As we find ourselves edging closer to winter we’ve noticed a few seasonal changes here at Wahanda HQ. The boots are on, the umbrellas are out in force – not that they ever really went away – and one by one winter coats are appearing in the office. Soon we’ll be head to toe in wooly armour ready to do battle with the cold. But with darker mornings, shorter days and colder weather all to come, are hats and gloves enough to ward off the winter blues?
During winter more people suffer from low energy and low moods than any other time of year. Here at Wahanda HQ our inner child has been reminding us how exciting winter used to be. Bonfire night, Halloween, snow-fights and, of course, Christmas. Wouldn’t it be nice to swap the winter blues for a bit of that excitement? Well, you can. Get started by swapping everyday habits for our winter mood-boosters.
Whether you’re a tea drinker, a coffee queen or a fizzy drink kind of girl, in a moment of tiredness caffeine is usually the first port of call. Caffeine delays the onset of fatigue, and increases alertness, however, the effects are temporary and when they wear off you can be left feeling more tired than you were to begin with, and in many cases, a bit snappy. This winter, boost your mood and your energy levels with a supplement like Ginkgo Biloba which works by increasing blood flow to the brain leaving you more alert all day long. You’ll save a fortune in coffee and tea bags.
Many smokers worry that without cigarettes their mood suffers. Inhaling nicotine releases pleasure hormone Dopamine and without it they can experience withdrawal resulting in agitation, anxiety and a bad case of the grumps. Forget mood swings this winter and kick the habit once and for all. There are lots of stop-smoking aids out there, one of the most popular being snacking. Snacking satisfies the oral fixation and is why many report weight gain when they quit. If you are hoping to quit this winter, make it easier by swapping cigarettes for healthy snacks like nuts and seeds. It’s too cold to stand outside anyway...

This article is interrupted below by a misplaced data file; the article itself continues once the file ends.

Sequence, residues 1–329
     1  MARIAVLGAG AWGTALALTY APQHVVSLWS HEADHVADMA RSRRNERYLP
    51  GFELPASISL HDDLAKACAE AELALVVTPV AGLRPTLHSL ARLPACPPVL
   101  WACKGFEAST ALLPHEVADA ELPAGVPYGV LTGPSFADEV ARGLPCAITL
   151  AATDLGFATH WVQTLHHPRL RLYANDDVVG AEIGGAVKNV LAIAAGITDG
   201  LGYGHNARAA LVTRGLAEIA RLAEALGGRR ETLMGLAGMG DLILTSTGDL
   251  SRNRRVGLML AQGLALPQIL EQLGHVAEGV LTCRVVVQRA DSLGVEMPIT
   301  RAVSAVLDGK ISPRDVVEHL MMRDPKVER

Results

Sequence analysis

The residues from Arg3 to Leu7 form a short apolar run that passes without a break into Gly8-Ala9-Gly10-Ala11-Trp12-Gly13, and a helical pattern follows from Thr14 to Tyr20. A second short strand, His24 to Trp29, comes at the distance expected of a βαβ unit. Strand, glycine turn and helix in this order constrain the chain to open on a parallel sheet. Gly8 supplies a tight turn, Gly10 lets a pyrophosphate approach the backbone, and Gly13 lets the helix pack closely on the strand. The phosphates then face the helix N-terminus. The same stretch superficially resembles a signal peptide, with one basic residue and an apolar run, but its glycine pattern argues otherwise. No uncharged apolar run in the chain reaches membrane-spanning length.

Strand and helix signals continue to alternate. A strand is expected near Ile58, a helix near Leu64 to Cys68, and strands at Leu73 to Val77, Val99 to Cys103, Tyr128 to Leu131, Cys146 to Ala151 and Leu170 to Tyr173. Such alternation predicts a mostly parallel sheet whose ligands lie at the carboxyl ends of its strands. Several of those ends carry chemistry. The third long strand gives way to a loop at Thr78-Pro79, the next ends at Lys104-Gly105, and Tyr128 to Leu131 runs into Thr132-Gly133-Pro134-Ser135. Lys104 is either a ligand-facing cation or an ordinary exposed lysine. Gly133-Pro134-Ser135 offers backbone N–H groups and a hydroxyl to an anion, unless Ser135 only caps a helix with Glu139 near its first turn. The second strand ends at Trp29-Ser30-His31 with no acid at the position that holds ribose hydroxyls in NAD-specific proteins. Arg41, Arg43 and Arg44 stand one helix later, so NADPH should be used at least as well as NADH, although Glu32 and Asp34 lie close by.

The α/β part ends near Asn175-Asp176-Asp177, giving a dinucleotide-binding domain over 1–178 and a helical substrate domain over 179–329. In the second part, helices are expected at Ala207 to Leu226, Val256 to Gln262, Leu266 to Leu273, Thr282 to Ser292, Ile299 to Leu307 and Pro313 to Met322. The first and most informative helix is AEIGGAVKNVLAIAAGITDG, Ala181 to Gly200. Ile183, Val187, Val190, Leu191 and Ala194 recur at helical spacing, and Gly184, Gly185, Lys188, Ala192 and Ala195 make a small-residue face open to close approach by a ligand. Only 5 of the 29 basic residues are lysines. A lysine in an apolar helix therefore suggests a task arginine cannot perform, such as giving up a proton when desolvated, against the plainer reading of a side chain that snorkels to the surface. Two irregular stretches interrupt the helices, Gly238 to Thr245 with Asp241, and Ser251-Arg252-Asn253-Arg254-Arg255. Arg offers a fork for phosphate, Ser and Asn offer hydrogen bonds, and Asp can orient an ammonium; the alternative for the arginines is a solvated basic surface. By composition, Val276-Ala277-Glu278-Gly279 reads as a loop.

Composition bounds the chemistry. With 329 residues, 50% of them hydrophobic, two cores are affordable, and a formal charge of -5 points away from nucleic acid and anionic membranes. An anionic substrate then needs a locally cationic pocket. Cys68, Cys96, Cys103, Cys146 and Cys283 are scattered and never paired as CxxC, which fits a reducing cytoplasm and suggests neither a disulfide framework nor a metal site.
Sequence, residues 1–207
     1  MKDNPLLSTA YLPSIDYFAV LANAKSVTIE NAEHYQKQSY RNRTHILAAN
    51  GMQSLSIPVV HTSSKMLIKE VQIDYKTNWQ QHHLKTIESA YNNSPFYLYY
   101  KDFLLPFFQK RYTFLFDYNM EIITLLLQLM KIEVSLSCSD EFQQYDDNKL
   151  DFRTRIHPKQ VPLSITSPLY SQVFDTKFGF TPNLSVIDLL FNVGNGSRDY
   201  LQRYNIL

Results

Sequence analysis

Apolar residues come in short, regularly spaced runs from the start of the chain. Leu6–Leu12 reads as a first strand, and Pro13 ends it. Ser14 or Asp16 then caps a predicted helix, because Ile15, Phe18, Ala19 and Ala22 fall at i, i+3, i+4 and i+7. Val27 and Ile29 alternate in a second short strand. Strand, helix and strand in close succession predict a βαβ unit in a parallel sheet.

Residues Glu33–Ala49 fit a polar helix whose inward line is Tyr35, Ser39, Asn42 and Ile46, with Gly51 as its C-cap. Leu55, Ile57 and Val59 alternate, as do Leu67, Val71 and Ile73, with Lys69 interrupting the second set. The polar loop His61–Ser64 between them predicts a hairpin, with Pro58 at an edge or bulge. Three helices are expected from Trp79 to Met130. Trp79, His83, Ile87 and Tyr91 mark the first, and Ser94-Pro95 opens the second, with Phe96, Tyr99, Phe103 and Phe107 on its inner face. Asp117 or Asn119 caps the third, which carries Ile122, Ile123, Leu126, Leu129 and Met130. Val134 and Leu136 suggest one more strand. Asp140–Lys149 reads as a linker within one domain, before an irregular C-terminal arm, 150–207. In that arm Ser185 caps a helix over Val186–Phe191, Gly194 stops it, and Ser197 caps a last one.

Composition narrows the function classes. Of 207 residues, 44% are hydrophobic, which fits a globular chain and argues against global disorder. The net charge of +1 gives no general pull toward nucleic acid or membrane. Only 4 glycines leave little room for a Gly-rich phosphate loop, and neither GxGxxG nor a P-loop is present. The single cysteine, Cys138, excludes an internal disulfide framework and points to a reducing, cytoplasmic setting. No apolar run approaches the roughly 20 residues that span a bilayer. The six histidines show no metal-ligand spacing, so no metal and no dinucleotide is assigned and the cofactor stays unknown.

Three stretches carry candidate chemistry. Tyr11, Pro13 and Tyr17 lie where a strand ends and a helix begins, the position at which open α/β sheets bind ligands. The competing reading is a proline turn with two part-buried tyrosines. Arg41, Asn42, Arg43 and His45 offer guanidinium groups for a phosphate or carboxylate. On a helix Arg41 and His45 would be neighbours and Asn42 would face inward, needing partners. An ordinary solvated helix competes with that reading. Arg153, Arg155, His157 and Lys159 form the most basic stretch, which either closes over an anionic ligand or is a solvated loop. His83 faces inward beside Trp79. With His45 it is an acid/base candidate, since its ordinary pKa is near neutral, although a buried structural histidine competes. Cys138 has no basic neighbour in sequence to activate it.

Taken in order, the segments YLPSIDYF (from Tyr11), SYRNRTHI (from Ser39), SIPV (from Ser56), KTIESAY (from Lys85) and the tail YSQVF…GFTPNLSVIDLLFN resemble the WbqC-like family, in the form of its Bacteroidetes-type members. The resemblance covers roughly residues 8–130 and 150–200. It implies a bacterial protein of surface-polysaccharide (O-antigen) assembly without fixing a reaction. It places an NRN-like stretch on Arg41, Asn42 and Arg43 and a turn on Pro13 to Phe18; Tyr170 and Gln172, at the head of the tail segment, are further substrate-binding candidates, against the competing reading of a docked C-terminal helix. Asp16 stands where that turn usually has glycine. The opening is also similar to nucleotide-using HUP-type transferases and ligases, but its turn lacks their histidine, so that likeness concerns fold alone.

Miserable weather can make exercising difficult during the winter months which is bad news for moods and energy levels as exercise increases endorphins (feel-good chemicals) and adrenaline in the body. While keeping warm and staying still might seem like the sensible option this season, it’s not. Winter exercise doesn’t have to mean trudging through mud bootcamp style. Try getting off the bus or train one stop early on your way to work. A few minutes brisk walking in the fresh morning air will give you a quick pre-work energy boost, and what could be better for the mood than getting off an over crowded bus?
Dark skies can affect us all, and in some cases lead to Seasonal Affective Disorder (SAD). Lack of light causes an increase in the production of melatonin (the hormone that makes us sleepy), and a reduction of serotonin which, combined, can lead to depression. Since SAD is less common in countries near the equator who get more sunlight throughout the year, light therapy, using light boxes designed to re-create summertime brightness, was created to treat the disorder. A course of light therapy might involve sitting in front of a light box for a period of time every day, but milder cases of SAD have suggested that just the presence of the light in the room can improve mood. If you think you might suffer from SAD speak to your GP about light therapy and other treatments.
We all know the importance of an apple a day, but when you’re feeling tired or low an apple doesn’t always cut it. When we feel tired our body craves high-sugar foods for a quick energy fix. Foods like chocolate and sweets raise sugar levels giving us a burst of energy but, like caffeine, the effects are temporary and leave us tired and less able to concentrate. Next time you crave something sweet, try nibbling on dark chocolate which contains less sugar so won’t cause you to crash in the same way. Dark chocolate is also believed to increase blood flow to the brain aiding concentration as well as containing anti-oxidants and reportedly lowering blood pressure and possibly even preventing cancer. And we thought it just tasted good.
I am the Assistant Site Editor and owner of one of the largest nail varnish collections in the UK. I love all things health and beauty especially trying out new products and treatments and telling the world all about them.See my profile